Namibia’s public sector wage bill swallows nearly half of the national budget and 16% of the country’s Gross Domestic Product.
Not only is this way out of line with other emerging economies, it is extreme by virtually any degree – including developed economies.
Treasury last year announced that the public sector wage bill, which now stands at 49% of all non-interest expenditure, has been a major driver for increased public expenditure.
The 2017 wage bill was budgeted at N$28 billion out of a total budget of N$62 billion. It increased by N$4 billion from 2016.
To put this into perspective, the meteoric rise of the wage bill from N$7,8 billion in 2009 to N$22 billion in 2014 speaks volumes of the wage bill crisis Namibia finds itself in.
With government having admitted that it can no longer afford the ballooning public sector wage bill, the central bank believes the remedy to the situation is a massive private sector job creation drive. This would require government to abandon policies and practices that stood in the way of investment and job growth.
Bank of Namibia governor Ipumbu Shiimi, although indicating that the domestic economy is expected to start recovering slowly in 2018, cautioned that the public wage bill is of concern because it is relatively high when compared to similar-sized economies as well as bigger economies.
Shiimi wants national spending to be redirected to areas that support growth.
He said: “Spending money on consumption growth is not sustainable, therefore government must ensure that it provides a conducive environment to unlock private sector growth.”
Shiimi reiterated that added investment is required in sectors such as agriculture, transport and tourism.
“There is probably no ideal level because the economic situation differs from country to country, but I would say anything between 9% and 10% would be ideal for Namibia. But I can say with certainty that where we currently find ourselves is not the right level. But it is clear that the policy makers have taken note of the situation, hence measures are being taken to address the situation,” said Shiimi.
The public sector wage bill in Namibia is, by any measure – be it by SADC levels or by global measures – at the far end of the spectrum.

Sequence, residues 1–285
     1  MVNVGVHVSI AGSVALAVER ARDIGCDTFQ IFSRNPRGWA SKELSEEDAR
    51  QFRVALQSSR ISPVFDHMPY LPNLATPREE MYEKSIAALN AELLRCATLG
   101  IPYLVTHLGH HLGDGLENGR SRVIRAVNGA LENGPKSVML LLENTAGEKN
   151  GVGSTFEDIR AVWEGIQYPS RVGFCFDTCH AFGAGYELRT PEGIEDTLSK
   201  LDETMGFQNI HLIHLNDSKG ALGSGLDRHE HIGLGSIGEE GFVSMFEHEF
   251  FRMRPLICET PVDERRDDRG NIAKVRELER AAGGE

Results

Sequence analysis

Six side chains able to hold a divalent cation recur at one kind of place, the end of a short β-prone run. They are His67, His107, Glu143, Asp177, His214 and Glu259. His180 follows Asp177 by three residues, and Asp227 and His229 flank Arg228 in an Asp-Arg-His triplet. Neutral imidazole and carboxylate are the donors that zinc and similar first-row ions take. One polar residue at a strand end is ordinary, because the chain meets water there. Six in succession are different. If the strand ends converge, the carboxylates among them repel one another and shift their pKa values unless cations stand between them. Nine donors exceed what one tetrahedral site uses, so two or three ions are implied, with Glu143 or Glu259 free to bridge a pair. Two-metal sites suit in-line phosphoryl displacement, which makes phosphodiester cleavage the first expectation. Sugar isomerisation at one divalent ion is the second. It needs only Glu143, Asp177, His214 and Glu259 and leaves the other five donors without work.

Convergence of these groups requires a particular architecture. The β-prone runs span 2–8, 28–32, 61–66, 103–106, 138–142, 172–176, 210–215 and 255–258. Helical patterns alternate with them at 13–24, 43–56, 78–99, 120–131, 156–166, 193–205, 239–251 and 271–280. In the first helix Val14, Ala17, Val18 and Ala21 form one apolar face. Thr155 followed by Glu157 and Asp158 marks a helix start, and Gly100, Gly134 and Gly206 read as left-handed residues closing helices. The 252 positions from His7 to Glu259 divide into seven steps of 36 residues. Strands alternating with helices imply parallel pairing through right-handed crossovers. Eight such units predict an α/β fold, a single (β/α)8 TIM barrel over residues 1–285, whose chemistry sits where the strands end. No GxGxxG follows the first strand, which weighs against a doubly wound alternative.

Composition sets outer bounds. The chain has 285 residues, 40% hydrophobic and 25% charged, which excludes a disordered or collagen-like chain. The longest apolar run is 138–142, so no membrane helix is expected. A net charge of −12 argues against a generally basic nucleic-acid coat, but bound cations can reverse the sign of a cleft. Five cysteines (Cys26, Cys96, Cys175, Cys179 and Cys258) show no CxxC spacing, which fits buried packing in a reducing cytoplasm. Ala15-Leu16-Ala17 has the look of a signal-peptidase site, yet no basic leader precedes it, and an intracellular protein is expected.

Whether compared to similar-sized economies, emerging markets, or even advanced economies that tend to have high levels of current spending, the wage bill as a percentage of government spending is one of the highest in the world and is creeping steadily higher.
Shiimi warned that consumption-led growth is not sustainable, and should therefore be avoided.
Unions have in recent years been blamed for causing the ballooning of the wage bill.
Negotiation between government and unions representing public servants appear to have pushed up the wage bill over the years.
Shiimi yesterday unions seem to be on the same page as policy makers as far as the public wage bill is concerned.
Another example is that of the N$4 billion increase between 2016 and 2017.
Economists, ratings agencies as well as the International Monetary Fund(IMF)have been sounding the alarm over the ballooning public sector wage bill for years. Government is attempting to shave the headcount by leaving non-critical vacancies in some departments unfilled, but this is not enough.
IMF’s Mission Chief for Namibia, Geremia Palomba last year warned that Namibia’s wage bill and the high inequality levels should be addressed in order to maintain the country’s macroeconomic stability and it should fight inequality.
“Whatever policy comes up with should not be to the detriment of fighting inequality. From this point of view, The Ministry of Finance and BoN have worked on it by pushing to reduce the deficit and the central bank has a strong hand on supporting financial stability to avert any financial risk,” said Palomba during a working visit to Namibia last year.
Namibia is currently going through a demographic transition, by 2050 more than 60% of the population will be in the working age group, this will require the country to start thinking ahead by coming up with policies to cater for the high influx of entrants into the working age group.
This calls for an expanded labour market, mainly because the absence thereof could lead to high unemployment levels or an influx of personnel into the civil service.